A Letter from Bryan: Walking the Difficult Path Towards Love
As the nation began to process the police shooting of Jacob Blake, the victim’s grace-filled mother, Julia Jackson, courageously called for peace, prayed for healing, and implored everyone “to take a moment and examine your heart.” “How much can a heart hold?” asked a teacher Thursday morning. The pandemic, economic crisis, harsh political rhetoric, wildfires, and hurricanes compete for the space that remains. The grief, outrage, exhaustion, and powerlessness wrought by this moment remind us why we need to create a loving and anti-racist community at Sidwell Friends, one that works collaboratively to face the year with hope, compassion, purpose, and determination.
Our hearts ache and cannot heal alone. In his “Politics of the Brokenhearted,” Parker Palmer contrasts heartbreak with a “heart broken open,” one that cleaves beneath the pressure of life-altering circumstances: “Who among us has not seen evidence, in our own or other people’s lives, that compassion and grace can be the fruits of great suffering? Here heartbreak becomes a source of healing.” During such moments, Palmer suggests, we must make “space within and around ourselves so that conflict and confusion can settle and a deeper wisdom emerge.”
Together we must find wisdom and act upon it. As I write these words, I hear Martin Luther King, Jr. preaching about “the fierce urgency of now,” insisting that “justice deferred is justice denied,” reminding us that only love can drive out hate. Times like these test our faith, and we must prevent one another from yielding to despair. We must renounce police brutality and call for swift reform. As federal troops are deployed to control protests, we must be vigilant about the emergence of a police state. After the manner of Friends, we must summon the energy to commit to purposeful, nonviolent action and address racism in all of its forms.
In this Quaker Notes, Natalie Randolph ’98 describes the steps we are taking to create a more just and equitable community. An alumna of the School, she is a remarkable ambassador for and exemplar of Friends education. I have complete confidence in her leadership and learn from her every day. Thanks to her efforts, we will continue to move ahead, weaving Ibram X. Kendi’s definition of anti-racism into a student-centered approach to equity. Additionally, next week, we will announce details regarding an important partnership with Howard University, which has been three years in the making.
Out of fatigue, we might like to avert our eyes from the Blake shooting. Black Americans do not have that option. The pain is too deep, the conversations with children too real. Imagine what might emerge in our hearts if we could unburden ourselves from other worries and focus on the impact of this wretched event. What could we achieve if all of us, regardless of race and in observance of our shared humanity, reckoned deeply with the utter breach of morality that it is?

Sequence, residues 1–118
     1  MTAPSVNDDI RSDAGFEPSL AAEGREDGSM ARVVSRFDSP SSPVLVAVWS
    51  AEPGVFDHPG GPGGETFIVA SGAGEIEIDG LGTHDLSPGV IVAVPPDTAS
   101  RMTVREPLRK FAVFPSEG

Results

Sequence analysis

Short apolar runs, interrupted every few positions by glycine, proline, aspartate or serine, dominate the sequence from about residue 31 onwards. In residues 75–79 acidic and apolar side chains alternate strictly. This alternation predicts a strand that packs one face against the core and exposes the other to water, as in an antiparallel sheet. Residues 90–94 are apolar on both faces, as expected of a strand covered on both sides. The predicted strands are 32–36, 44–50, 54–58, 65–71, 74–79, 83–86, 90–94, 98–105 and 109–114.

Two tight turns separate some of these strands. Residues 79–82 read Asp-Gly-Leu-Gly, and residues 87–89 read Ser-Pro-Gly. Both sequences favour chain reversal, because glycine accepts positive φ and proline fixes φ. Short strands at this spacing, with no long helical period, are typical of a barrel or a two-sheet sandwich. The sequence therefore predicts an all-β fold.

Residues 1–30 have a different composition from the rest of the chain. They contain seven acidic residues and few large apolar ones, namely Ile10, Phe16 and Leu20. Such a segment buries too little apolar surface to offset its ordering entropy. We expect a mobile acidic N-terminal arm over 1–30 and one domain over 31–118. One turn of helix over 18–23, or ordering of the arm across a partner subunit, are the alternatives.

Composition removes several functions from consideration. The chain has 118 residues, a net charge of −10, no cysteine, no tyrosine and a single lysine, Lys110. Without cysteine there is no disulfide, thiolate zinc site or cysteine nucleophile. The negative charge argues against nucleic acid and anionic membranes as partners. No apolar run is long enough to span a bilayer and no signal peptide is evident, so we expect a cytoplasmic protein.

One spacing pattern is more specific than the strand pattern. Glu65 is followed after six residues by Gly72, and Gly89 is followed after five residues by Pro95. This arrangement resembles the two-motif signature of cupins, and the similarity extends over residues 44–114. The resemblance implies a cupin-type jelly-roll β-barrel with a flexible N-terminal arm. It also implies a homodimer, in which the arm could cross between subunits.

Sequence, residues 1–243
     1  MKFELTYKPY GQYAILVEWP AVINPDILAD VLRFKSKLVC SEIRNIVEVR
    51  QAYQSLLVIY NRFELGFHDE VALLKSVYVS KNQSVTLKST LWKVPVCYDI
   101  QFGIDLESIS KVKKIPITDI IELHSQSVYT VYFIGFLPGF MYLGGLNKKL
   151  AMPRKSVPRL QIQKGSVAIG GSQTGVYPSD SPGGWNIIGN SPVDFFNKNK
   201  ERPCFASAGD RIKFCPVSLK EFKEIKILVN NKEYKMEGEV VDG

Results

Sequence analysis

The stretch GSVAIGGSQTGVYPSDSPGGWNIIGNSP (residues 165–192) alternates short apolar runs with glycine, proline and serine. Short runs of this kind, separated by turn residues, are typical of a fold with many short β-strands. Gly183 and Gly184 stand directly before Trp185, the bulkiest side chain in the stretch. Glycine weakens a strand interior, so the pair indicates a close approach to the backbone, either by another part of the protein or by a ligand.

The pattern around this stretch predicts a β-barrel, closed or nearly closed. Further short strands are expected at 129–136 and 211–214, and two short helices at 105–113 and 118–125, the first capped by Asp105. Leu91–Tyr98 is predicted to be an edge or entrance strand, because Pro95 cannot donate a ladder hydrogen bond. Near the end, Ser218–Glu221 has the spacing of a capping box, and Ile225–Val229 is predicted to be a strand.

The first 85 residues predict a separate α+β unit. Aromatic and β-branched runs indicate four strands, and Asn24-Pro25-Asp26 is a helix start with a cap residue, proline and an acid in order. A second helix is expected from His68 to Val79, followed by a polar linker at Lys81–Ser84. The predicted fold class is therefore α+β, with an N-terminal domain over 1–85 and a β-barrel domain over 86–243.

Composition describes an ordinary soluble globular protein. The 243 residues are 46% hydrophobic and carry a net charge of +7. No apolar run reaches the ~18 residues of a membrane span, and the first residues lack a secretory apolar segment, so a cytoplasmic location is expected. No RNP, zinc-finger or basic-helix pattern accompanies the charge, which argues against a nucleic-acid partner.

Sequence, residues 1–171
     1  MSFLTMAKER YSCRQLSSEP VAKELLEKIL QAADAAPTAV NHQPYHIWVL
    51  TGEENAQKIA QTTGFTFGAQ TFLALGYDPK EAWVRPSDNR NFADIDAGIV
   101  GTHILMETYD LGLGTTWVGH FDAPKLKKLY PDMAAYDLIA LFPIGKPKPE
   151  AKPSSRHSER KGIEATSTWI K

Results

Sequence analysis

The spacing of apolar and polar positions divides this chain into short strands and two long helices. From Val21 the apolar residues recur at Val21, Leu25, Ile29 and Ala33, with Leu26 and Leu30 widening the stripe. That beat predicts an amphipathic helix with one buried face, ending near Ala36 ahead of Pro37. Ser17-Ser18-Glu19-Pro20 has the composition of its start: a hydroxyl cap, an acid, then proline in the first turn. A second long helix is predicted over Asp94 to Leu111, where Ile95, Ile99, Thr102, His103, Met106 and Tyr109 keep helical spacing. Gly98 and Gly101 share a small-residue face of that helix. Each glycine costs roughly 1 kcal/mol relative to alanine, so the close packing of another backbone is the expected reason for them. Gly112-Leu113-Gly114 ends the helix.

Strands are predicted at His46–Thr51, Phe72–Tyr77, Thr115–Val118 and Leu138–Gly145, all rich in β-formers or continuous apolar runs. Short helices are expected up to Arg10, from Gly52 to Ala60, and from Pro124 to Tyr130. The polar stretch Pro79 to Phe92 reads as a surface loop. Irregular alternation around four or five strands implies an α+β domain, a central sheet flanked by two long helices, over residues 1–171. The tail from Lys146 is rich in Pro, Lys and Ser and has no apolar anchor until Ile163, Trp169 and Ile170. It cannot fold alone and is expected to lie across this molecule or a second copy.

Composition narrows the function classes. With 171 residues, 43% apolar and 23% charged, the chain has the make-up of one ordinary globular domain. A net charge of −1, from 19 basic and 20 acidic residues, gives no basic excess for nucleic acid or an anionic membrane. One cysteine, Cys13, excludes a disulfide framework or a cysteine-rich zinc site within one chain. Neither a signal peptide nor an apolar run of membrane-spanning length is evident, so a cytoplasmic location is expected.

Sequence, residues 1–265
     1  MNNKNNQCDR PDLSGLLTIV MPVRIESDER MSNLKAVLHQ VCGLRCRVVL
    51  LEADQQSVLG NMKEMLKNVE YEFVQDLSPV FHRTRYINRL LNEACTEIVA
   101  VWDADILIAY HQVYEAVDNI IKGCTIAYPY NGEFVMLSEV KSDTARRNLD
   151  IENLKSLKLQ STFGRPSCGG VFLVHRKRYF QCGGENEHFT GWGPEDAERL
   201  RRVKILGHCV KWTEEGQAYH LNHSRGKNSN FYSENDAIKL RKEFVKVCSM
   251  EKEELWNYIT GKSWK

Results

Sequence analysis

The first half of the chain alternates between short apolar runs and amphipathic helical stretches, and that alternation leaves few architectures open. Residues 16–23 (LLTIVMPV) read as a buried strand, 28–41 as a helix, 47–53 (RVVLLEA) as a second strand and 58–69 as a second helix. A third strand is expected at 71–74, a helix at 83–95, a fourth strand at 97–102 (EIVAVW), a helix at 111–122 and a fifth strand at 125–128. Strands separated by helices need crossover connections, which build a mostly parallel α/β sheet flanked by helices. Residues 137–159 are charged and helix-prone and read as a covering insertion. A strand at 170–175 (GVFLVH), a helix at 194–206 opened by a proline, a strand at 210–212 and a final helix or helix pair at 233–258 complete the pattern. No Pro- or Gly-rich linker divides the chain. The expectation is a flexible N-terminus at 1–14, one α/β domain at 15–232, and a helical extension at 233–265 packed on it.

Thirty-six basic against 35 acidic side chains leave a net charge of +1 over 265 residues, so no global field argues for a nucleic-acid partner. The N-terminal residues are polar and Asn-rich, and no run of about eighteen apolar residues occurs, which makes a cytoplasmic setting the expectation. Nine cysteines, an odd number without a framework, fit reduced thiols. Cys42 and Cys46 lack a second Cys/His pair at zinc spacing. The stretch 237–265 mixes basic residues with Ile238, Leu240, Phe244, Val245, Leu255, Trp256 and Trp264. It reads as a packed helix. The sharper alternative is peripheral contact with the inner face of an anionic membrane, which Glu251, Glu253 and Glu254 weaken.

If we want our hearts to heal, we must entertain such queries; otherwise our hearts will ossify. Certainly, economic structures built upon racism will inform our answers. “The worship of money,” writes bell hooks, “leads to a hardening of the heart,” and “can lead any of us to condone either actively or passively, the exploitation and dehumanization of ourselves and others.” Has avarice so deeply fragmented and privatized our lives that we have grown indifferent to suffering so long as it does not touch us directly? How then will we care for our community? How can we support students, colleagues, and parents who see bodies that look like theirs destroyed with impunity?
Perhaps it is naive to pursue this path in a city grounded in power politics. I hope not. Because to heal our hearts we need to re-engage deeply with the fundamental question of what it means to be human, what it means to act with love and compassion.
“The transformative power of love is not fully embraced in our society,” observes bell hooks. “In a world anguished by rampant destruction, fear prevails. When we love, we no longer allow our hearts to be held captive by fear ... We cannot know love if we remain unable to surrender our attachment to power, if any feeling of vulnerability strikes fear in our hearts. Lovelessness torments.” Do we have the courage to surrender our attachment to power? Are we willing to understand that racism and other socially constructed hierarchies have exploited their victims and truncated the humanity of those who benefit from them?
If these questions resonate, I recommend visiting The AntiRacist Table, a powerful and inspiring resource. If your children are old enough, consider completing their 30-Day Challenge. We won’t feel the world change tomorrow, but this kind of work restores hope and deepens understanding. If we approach the challenge with an open mind and open heart, a way might open to transform consciousness and build an anti-racist future.
Our hearts are too heavy. But if we keep our eyes on the larger prizes of equality and justice, if we help one another carry our burdens, we can lighten the load and make space for the transformative power of love. Broken as our hearts might be, let’s open them to one another and try what love can do for our children and the world.
In peace and with humility,